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Published: 2001/11/21
by Jesse Jarnow

Points Of Order – Bill Laswell

Innerhythmic 011

A lot of music is meant to be heard loudly, either live or on a pair (or
even two pairs) of very expensive speakers with a high tolerance for
thumping somethingorother. It often doesn't translate to home listening. It
is intended to fill a room with sound such that the audience can move
through the waves, interact with it.

Some musicians do what they call the "boombox test", which is to listen to
the mix of the album they're producing on the lowest fidelity system they
can find, to make sure that the album still kicks even through the tinniest
of amplifiers. Bill Laswell obviously did not perform a similar evaluation
of "Points Of Order". Listening to it out loud is like staring down into the
bottom of a deep, murky pond. I'm not quite sure if this can be remedied by
volume, but it can at least be helped with headphones.

When one slips them over his ears, he is instantly underwater, submerged
into the dark space of Bill Laswell's music. Laswell, a bassist and
producer, is a master of low frequencies. He works with them subtly,
manipulating them like a deep shade of grey slowly changing to another deep
shade of grey. There are a little too many drums, too many conceits to the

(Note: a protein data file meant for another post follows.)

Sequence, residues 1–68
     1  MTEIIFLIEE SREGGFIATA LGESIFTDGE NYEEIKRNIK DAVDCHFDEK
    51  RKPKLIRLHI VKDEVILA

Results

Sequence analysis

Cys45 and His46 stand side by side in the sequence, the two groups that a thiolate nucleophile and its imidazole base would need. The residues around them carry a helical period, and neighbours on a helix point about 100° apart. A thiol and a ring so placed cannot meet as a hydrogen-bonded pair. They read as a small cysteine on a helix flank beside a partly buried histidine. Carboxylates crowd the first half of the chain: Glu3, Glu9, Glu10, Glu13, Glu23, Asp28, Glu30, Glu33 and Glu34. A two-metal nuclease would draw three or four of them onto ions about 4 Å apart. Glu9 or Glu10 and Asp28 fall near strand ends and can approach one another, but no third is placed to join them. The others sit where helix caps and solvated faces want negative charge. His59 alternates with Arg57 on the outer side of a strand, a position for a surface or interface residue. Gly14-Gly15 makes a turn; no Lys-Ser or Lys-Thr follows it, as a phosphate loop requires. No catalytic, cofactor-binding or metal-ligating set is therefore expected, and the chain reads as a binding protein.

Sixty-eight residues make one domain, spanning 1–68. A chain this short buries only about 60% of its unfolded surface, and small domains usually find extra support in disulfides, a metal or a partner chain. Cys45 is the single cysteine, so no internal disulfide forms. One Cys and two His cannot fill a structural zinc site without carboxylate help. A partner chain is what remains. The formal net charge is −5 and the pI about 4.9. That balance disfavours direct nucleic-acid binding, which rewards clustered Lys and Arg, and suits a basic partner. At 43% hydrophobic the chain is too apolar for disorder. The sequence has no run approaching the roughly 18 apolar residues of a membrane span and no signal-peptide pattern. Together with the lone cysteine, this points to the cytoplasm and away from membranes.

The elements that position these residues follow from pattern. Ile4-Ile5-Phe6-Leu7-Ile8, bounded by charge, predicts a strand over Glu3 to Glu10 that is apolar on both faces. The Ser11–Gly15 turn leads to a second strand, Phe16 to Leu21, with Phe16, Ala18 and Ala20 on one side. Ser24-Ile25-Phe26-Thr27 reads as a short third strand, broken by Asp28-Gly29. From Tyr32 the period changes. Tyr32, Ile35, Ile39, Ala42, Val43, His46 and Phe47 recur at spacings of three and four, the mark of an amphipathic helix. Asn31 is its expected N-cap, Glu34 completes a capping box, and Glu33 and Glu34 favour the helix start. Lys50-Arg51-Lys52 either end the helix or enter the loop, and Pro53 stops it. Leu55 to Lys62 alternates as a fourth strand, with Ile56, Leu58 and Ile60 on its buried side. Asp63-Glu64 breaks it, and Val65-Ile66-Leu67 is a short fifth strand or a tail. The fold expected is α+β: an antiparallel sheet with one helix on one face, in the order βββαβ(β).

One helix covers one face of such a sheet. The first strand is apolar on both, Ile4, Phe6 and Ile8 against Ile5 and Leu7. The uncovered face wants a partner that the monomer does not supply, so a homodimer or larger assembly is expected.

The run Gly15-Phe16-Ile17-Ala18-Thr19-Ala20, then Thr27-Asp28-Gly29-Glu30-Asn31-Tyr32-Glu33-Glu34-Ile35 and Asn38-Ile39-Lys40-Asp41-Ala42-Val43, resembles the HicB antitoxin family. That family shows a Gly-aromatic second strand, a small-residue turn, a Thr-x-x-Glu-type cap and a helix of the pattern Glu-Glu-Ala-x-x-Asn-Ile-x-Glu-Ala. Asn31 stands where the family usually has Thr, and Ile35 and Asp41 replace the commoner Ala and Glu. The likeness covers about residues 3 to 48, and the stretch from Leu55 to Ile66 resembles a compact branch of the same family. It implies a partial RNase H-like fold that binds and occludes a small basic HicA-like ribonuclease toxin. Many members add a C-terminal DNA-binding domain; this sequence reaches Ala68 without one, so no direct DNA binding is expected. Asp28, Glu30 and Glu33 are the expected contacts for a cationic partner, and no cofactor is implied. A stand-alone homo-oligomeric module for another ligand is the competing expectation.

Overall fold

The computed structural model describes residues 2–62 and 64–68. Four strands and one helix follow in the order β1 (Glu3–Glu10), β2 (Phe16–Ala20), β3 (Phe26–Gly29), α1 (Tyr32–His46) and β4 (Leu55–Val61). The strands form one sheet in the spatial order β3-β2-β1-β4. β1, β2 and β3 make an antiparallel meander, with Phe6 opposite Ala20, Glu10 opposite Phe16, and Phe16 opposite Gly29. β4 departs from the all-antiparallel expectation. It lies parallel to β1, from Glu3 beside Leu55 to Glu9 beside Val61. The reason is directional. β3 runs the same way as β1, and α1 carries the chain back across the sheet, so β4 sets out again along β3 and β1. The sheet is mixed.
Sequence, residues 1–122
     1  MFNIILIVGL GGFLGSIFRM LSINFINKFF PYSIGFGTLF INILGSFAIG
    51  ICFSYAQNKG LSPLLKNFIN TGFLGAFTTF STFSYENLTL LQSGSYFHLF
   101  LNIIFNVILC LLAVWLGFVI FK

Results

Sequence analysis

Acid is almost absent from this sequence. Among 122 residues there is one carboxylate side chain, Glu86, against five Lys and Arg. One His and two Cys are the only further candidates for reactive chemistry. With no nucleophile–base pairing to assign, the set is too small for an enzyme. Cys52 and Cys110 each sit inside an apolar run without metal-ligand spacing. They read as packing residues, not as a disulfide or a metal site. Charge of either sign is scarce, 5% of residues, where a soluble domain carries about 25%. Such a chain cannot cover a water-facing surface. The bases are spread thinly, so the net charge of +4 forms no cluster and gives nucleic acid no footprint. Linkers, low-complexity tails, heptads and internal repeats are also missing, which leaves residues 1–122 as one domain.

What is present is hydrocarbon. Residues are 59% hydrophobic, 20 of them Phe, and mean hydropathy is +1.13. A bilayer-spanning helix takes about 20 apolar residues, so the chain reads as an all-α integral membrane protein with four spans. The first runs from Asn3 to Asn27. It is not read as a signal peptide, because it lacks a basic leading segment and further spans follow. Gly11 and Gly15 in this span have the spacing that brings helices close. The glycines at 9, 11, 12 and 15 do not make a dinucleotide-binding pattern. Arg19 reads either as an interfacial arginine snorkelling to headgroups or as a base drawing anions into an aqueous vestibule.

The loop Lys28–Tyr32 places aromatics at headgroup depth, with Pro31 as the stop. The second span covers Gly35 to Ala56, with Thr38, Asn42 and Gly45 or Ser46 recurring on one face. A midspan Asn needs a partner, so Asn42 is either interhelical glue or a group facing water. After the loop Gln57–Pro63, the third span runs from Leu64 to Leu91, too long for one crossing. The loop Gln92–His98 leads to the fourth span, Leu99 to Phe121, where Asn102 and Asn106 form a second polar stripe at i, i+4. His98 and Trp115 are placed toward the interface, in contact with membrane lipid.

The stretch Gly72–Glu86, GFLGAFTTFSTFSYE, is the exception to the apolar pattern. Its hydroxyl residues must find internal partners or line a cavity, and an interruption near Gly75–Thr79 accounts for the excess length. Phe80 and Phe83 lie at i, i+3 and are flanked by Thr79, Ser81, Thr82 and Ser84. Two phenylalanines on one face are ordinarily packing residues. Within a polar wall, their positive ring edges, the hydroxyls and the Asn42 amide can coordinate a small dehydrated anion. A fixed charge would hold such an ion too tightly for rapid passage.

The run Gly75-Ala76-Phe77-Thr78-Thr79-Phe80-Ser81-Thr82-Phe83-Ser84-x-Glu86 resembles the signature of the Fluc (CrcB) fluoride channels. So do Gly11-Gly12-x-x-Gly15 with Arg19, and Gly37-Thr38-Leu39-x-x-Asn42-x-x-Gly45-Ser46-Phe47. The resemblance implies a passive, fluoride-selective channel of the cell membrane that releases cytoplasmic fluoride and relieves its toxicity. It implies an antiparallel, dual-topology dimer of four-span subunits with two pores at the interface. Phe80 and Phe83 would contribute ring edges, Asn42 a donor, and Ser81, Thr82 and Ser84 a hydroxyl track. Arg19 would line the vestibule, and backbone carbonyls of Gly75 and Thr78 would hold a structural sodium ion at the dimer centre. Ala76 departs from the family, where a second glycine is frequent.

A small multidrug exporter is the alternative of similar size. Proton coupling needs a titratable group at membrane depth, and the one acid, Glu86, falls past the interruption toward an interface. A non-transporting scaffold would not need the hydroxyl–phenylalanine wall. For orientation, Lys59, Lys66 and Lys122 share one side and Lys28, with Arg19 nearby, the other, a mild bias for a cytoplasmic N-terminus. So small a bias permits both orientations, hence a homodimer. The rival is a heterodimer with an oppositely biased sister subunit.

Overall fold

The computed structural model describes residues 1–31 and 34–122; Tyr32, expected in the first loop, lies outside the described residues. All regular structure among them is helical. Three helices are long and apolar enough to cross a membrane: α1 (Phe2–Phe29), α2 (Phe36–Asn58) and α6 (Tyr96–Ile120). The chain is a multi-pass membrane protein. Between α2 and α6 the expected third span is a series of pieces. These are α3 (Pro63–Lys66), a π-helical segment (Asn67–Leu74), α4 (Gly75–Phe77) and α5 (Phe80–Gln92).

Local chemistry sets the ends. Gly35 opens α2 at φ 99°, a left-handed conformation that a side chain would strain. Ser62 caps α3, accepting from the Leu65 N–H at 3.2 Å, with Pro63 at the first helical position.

tangible world, to make this an entirely convincing musical landscape. The
two tracks with the Anti-Pop Consortium – Staple Nex and Broken
Toenail Gland – are highly literate, even incredible, from a verbal
point of view, but lack the majestic abstraction of tracks like the
all-too-short White Ark.

The production is dirty around the edges and frequently unsettling, giving
the feeling of aural heartburn. Everything has a slight crackle to it —
guitars mixed with a slight buzz on the pluck, vaguely dissonant drones,
sharp scratching. This can lead to a surprising agitation on the part of the
listener — the feeling one gets when swimming and feels unidentified sea
driftings brushing over the backs of his legs. It's not harmful to the total
picture, but makes the swimmer uncomfortable.

These are strange fish. Or maybe they're not even fish. It's like you're
submerged and swimming through an empty underwater landscape and looking for
something. There are plenty of oddities and irregularities in what
you're looking at; strange formations you've never seen, holes and caverns
and things you might dive down into. There are few fish, however, and you
rarely actually do dive into the caverns.

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